They're watching you

Many home PC users inadvertently download spyware programs that can strangle their system. Thomas Greene shows how to regain control

If your home computer has turned sluggish - programs open slowly, web pages take forever to load - it's probably not because you need a new machine. It's more likely that some hidden software is secretly using your CPU and is pushing your work aside, cuckoo-style, as it pursues its own ends. A survey in April by the US ISP Earthlink and Webroot software, for example, found that one in every three PCs scanned online at the user's request had a "Trojan horse" or spyware program on board.

If your home computer has turned sluggish - programs open slowly, web pages take forever to load - it's probably not because you need a new machine. It's more likely that some hidden software is secretly using your CPU and is pushing your work aside, cuckoo-style, as it pursues its own ends. A survey in April by the US ISP Earthlink and Webroot software, for example, found that one in every three PCs scanned online at the user's request had a "Trojan horse" or spyware program on board.

And where has it come from? Probably, to be honest, you. Many people have downloaded one or many of the free utilities available on the web: system "optimizers", plugins (especially "blockers" for pop-up ads) for Internet Explorer, toolbars and taskbars, news tickers, jukeboxes and so on.

The trouble is that such software, and especially the "free" applications supported by ads that appear on your desktop ("adware"), often reaches out to remote servers you know nothing about to track you across the net ("spyware"), aiding advertisers to develop marketing profiles of what people like you do online. The programs also slurp up system resources, leaving your PC sluggish. Often, that's the only way you discover they're there.

With Windows, it's down to you to install applications such as office suites, graphics programs, multimedia applications, system utilities, instant messaging and chat clients. But it's expensive putting together a truly useful software collection exclusively from retail packages, so many people seek free alternatives. Unfortunately, much free software is laced with those secret networking capabilities and "phone home" features. This is the privacy-invasion industry's Trojan horse: you get a free application, but they look over your shoulder while you surf the web.

So how do you search your computer for spyware? Your antivirus software is designed to ignore it, so you'll need something designed specifically to identify and remove it. Thousands of Windows programs contain adware and spyware; that in turn has created a whole industry dedicated to removing them. Fortunately, utilities such as Ad-Aware from Lavasoft (, Spy Sweeper from (, and SpybBot Search & Destroy by Patrick Kolla ( do a good job of detection and removal, and you can use more than one to ensure that everything is caught. If any of these tools contains spyware of their own, one of the others is likely to pick that up as well.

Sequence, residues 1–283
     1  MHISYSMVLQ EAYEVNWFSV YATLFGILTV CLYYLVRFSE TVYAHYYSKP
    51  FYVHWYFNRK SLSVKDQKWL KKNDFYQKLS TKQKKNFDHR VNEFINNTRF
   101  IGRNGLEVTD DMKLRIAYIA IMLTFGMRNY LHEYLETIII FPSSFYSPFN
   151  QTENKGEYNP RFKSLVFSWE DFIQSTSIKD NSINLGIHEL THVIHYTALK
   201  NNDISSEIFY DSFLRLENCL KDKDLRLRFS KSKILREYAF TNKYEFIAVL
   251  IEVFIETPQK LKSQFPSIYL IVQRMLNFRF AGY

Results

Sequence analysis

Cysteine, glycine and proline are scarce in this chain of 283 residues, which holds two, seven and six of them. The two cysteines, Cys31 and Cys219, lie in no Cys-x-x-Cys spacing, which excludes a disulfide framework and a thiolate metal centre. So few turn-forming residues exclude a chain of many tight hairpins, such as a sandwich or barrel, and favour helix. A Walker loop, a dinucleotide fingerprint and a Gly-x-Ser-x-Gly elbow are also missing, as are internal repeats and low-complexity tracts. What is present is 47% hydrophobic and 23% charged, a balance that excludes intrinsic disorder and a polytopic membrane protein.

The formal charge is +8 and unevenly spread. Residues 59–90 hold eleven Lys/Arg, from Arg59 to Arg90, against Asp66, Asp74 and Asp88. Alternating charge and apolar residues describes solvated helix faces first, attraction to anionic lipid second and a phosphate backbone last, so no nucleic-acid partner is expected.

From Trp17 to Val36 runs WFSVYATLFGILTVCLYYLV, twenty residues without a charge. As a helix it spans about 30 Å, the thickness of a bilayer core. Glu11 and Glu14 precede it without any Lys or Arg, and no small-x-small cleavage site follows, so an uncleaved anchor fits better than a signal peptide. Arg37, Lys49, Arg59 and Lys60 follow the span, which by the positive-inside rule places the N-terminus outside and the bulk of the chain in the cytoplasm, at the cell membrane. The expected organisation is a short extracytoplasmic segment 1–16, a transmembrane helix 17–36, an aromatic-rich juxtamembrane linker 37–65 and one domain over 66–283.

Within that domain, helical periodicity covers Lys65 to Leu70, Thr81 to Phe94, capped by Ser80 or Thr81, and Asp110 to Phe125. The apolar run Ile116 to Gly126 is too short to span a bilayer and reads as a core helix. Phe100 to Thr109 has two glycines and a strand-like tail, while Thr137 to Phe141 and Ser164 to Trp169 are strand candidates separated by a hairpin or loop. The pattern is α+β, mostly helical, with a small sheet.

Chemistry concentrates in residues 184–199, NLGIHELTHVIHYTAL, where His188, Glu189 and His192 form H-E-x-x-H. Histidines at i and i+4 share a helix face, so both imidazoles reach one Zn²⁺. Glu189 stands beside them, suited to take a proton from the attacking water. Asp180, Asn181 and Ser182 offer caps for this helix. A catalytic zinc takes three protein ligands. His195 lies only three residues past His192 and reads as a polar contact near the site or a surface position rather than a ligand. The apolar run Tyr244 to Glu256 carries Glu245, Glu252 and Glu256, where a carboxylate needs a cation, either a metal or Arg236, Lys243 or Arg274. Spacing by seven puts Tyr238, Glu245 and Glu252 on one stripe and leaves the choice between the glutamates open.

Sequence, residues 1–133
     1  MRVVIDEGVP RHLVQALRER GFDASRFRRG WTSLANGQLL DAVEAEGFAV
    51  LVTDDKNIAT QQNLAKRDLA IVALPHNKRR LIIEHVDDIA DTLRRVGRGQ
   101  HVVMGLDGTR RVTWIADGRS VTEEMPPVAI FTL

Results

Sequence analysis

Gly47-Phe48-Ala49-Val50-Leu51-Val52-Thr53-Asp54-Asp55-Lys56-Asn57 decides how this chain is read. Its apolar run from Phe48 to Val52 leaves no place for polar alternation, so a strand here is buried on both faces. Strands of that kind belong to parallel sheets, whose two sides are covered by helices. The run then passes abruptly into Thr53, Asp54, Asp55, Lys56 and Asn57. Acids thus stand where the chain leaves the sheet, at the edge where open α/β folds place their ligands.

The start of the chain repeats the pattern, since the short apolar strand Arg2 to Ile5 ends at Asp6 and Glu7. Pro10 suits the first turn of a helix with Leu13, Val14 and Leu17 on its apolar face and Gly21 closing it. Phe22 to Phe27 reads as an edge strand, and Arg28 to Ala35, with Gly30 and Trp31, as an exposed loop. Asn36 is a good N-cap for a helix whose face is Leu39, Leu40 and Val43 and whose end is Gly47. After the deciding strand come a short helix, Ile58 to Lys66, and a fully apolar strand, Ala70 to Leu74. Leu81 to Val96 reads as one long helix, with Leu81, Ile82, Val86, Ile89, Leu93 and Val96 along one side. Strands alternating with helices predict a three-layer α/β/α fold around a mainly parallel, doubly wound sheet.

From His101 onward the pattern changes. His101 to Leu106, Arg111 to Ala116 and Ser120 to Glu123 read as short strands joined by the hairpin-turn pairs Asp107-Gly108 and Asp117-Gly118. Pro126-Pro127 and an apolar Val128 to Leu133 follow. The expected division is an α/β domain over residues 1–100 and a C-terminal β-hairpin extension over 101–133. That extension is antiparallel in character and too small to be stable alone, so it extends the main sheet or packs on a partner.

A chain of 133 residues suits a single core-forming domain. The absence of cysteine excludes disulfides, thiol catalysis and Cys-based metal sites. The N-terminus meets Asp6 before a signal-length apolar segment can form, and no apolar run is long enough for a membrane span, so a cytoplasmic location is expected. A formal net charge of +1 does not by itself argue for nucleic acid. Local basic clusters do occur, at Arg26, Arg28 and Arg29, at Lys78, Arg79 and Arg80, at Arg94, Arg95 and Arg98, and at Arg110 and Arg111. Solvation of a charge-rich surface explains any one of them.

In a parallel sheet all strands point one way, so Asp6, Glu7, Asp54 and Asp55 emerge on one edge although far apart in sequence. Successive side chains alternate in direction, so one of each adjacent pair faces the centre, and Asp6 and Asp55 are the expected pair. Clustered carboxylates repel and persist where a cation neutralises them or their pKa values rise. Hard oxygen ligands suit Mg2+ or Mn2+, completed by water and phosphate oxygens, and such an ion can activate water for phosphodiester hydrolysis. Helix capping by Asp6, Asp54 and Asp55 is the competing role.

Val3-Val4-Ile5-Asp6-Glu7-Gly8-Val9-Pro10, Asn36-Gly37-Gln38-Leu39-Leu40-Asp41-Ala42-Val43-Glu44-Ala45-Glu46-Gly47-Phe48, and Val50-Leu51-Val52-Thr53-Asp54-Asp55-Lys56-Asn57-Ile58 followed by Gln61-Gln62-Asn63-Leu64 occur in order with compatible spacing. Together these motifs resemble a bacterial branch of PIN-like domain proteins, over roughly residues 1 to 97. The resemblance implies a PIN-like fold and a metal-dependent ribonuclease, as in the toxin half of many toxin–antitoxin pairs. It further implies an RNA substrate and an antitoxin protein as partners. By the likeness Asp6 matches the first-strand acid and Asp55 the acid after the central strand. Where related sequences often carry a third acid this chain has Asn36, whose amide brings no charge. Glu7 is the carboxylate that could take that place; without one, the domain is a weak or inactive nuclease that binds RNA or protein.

Having purged your PC of malware, you still need to avoid future contamination. You could pick and choose between the widely advertised products out there... but that's how you got into trouble in the first place.

Instead, a simple long term approach is to replace as much "closed-source" commercial software with open-source alternatives as possible. Why? Because when everyone can examine the source code, it's virtually impossible to conceal malicious functions. You never know exactly what a "closed-source" commercial application contains, but there are no secrets in an open-source product. The price is often the same - free - but the open-source products, being a collaborative effort, don't have the same profit motive that leads companies to collect data secretly about their customers.

Open-source also has the advantage that it's often developed to work on many operating systems, including Windows, Linux, and BSD (and so Apple's OS X). That means that applications are less deeply integrated than platform-specific ones such as Microsoft's Internet Explorer, Outlook Express, IIS Web server, or even MSN Messenger chat client. A flaw in one of these applications often involves a corresponding flaw in Windows itself, making a "patch" hard for Microsoft to construct. By contrast, with cross-platform products, a patch is a relatively quick and straightforward affair.